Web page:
Notwithstanding the foregoing, a compacting state may, at the time of its enactment of this compact, prospectively opt out of all uniform standards involving long-term care insurance products by expressly providing for such opt out in the enacted compact, and such an opt out shall not be treated as a material variance in the offer or acceptance of any state to participate in this compact. An opt out pursuant to this section shall be effective at the time of enactment of this compact by the compacting state and shall apply to all existing uniform standards involving long-term care insurance products and those subsequently adopted.
(e) If a compacting state elects to opt out of a uniform standard, the uniform standard shall remain applicable in the compacting state electing to opt out until such time the opt out legislation is enacted into law or the opt out regulation becomes effective.
Once the opt out of a uniform standard by a compacting state becomes effective as provided under the laws of that state, the uniform standard shall have no further force and effect in that state unless and until the legislation or regulation implementing the opt out is repealed or otherwise becomes ineffective under the laws of the state. If a compacting state opts out of a uniform standard after the uniform standard has been made effective in that state, the opt out shall have the same prospective effect as provided under section 431:30-119 for withdrawals.
(f) If a compacting state has formally initiated the process of opting out of a uniform standard by regulation, and while the regulatory opt out is pending, the compacting state may petition the commission, at least fifteen days before the effective date of the uniform standard, to stay the effectiveness of the uniform standard in that state. The commission may grant a stay if it determines the regulatory opt out is being pursued in a reasonable manner and there is a likelihood of success. If a stay is granted or extended by the commission, the stay or extension thereof may postpone the effective date by up to ninety days, unless affirmatively extended by the commission; provided that a stay may not be permitted to remain in effect for more than one year unless the compacting state can show extraordinary circumstances that warrant a continuance of the stay, including but not limited to the existence of a legal challenge that prevents the compacting state from opting out. A stay may be terminated by the commission upon notice that the rulemaking process has been terminated.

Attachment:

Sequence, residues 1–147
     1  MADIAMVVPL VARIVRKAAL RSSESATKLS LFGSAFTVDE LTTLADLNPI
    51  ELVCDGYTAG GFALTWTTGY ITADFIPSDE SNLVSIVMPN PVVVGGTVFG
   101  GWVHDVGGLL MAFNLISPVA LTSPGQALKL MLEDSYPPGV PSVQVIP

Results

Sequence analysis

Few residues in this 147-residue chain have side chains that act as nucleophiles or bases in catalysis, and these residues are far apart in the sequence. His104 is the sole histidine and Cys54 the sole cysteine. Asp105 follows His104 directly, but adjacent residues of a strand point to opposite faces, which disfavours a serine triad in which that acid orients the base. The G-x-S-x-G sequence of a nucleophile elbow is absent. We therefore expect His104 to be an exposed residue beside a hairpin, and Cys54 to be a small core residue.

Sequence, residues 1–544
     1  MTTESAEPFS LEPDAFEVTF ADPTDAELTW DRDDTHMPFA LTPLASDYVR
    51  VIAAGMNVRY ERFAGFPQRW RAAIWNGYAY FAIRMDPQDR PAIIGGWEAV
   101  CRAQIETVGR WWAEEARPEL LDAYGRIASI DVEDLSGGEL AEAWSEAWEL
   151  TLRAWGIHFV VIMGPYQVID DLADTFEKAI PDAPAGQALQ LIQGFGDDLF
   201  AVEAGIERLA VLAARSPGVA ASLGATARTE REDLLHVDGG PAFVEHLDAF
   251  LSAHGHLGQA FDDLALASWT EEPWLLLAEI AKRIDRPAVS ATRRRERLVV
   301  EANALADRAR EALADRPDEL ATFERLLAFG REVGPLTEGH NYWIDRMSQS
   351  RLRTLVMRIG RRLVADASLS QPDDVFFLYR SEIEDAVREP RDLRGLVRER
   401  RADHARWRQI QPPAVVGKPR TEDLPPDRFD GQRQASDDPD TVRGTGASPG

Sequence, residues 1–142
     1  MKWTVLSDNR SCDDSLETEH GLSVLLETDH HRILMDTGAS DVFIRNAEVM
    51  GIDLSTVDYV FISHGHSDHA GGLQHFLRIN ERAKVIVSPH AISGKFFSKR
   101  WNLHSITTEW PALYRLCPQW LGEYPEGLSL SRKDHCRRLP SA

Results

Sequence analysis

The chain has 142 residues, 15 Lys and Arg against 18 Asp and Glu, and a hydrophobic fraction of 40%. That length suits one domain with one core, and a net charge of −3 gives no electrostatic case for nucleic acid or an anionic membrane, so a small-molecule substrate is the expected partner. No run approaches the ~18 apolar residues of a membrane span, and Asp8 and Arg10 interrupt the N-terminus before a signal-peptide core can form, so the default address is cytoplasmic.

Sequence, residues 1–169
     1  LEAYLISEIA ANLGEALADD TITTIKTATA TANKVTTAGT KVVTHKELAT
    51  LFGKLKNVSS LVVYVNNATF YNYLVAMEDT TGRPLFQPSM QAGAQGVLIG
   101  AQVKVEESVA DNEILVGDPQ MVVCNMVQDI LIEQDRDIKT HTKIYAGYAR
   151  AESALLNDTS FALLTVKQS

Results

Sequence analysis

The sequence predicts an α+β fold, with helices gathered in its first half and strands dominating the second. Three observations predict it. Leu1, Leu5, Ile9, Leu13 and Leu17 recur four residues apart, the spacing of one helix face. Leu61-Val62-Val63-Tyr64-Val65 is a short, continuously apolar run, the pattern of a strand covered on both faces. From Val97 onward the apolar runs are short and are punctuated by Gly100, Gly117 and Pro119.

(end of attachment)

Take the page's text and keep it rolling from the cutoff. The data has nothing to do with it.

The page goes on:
(g) Not later than thirty days after a rule or operating procedure is adopted, any person may file a petition for judicial review of the rule or operating procedure; provided that the filing of such petition shall not stay or otherwise prevent such rule or operating procedure from becoming effective unless there is a finding that there is a substantial likelihood of success on behalf of the party filing such petition. The court shall give deference to the actions of the commission consistent with applicable law and shall not find the rule or operating procedure to be unlawful if such rule or operating procedure represents a reasonable exercise of the commission's authority. [L 2004, c 104, pt of §2; am L 2010, c 116, §1(27); am L 2019, c 70, §27]